Planning for the $2 billion “Brisbane Live” ultra-entertainment precinct is currently under way with consultancy firm Deloitte, and sport and architecture firm Populous recently appointed to mammoth project.
“With an 18,000 seat world-class arena as its centrepiece, the Roma Street precinct, just like the LA Live complex, will become Queensland’s premier entertainment venue hosting major live concerts and world class sporting events right in heart of the city,” Trad said.
More than $700 million was earmarked to build Brisbane’s Cross River Rail in the budget released last week, with demand for Brisbane’s rail services forecasted to double by 2026, and triple by 2036.
“This is a project that will transform the south-east by creating a turn-up-and-go transport system for the whole of South-East Queensland – taking thousands of cars off our roads and getting people home and to work faster.”
Brisbane City Council Scraps Aged Care Developer Incentives
The incentives, introduced in 2016, reduced infrastructure charges and encouraged the co-location of facilities on privately-owned sport and recreation land.
Lord mayor Graham Quirk said the “difficult decision” was due to sporting clubs becoming easy targets for political campaigns.
“Council will proceed without any proposed changes to sport and recreation land sites, as our priority is ensuring that the accommodation that we need to plan for the growth of our city can be delivered as quickly as possible,” Quirk said.
Earlier this year, Retire Australia’s controversial $80 million retirement living complex at the Tarragindi Bowls club was the first development approved under the Retirement Living and Aged Care Accommodation Incentives.
Australian Bureau of Statistics figures shows 15.3 per cent of all Queenslanders are aged 65 and over, an increase from 12.4 per cent in 2011.
Property Council of Australia executive director of retirement living Ben Myers says politics, rather than planning considerations is disturbing the delivery of Brisbane’s seniors’ housing.
“All sides of politics acknowledge that we have an ageing demographic and that we will need to provide suitable housing now and into the future,” Myers said.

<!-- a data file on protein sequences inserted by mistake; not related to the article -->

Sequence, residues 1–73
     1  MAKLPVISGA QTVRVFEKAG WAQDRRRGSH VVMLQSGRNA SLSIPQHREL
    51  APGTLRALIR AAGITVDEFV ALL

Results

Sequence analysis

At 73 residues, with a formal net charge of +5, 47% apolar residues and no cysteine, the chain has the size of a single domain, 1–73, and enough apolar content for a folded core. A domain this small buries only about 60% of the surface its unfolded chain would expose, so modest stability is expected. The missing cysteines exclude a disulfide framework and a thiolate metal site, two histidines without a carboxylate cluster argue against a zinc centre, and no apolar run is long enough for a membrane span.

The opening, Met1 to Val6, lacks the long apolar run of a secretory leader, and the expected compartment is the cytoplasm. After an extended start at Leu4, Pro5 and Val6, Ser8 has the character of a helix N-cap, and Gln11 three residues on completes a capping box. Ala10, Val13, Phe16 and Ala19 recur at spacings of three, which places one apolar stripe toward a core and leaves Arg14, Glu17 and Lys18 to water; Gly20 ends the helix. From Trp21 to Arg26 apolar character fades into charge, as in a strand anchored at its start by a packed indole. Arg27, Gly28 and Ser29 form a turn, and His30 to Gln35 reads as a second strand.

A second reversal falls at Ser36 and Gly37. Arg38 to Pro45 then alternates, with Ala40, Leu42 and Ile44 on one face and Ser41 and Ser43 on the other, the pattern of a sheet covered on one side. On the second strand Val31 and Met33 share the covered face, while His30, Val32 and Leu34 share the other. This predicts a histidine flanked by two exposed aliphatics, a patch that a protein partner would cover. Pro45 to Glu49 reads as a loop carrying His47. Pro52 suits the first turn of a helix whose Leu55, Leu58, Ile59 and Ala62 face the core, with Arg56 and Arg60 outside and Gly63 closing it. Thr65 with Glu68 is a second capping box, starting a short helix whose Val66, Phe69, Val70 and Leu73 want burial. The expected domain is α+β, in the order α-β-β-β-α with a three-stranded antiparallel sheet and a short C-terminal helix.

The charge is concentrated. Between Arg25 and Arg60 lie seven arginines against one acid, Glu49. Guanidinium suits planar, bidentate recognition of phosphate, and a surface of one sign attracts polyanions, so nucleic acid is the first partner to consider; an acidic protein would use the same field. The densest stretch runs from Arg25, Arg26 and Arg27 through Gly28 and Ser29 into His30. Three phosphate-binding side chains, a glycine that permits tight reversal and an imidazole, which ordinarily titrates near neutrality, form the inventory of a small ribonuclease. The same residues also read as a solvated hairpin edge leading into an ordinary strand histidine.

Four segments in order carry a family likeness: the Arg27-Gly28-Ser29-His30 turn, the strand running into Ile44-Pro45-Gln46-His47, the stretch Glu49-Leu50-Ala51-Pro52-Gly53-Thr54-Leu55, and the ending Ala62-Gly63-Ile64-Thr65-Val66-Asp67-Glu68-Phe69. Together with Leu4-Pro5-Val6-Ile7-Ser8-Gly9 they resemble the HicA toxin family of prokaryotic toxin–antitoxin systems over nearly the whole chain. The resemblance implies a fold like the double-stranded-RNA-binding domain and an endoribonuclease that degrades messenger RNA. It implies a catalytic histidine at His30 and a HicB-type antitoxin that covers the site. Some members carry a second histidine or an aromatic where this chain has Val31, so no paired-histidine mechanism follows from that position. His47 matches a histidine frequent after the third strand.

By 2025, Myers said the demand for retirement living accommodation for people aged over 65 is expected to double, to meet the housing needs of Queensland’s ageing population.
“To date the incentives have been successful in creating a pipeline of projects for Brisbane that will assist in housing our ageing demographic,” Myers said.
The Lord Mayor said council would begin consultation on the aged care proposal within weeks to fast-track the amendments.
Plans for $1.4 billion waterfront precinct progress
Dexus has proposed a redevelopment of Eagle Street Pier, including two new towers and up to 1.5 hectares of riverfront open space.
Dexus is progressing on its $1.4 billion redevelopment plan to unlock “the unrealised potential of the waterfront” in Brisbane.
The property group unveiled its plans to transform Eagle Street Pier, including building two towers, closing Eagle Street between Charlotte and Market streets and opening up the riverfront space, in March.
Dexus’s head of office development Queensland, Matt Beasley, said the response to the company’s announcement had been overwhelmingly positive.
“Since the announcement we’ve been having both town hall sort of sessions with our customers in our buildings, the retailers, getting them up to speed on what the proposals are, what is the process moving forward and when we would be targeting to get that outcome,” he said.
“We’ve acquired those assets and explored that opportunity and it’s really about unlocking the potential, unlocking the unrealised potential of the waterfront, really giving that back to the people.”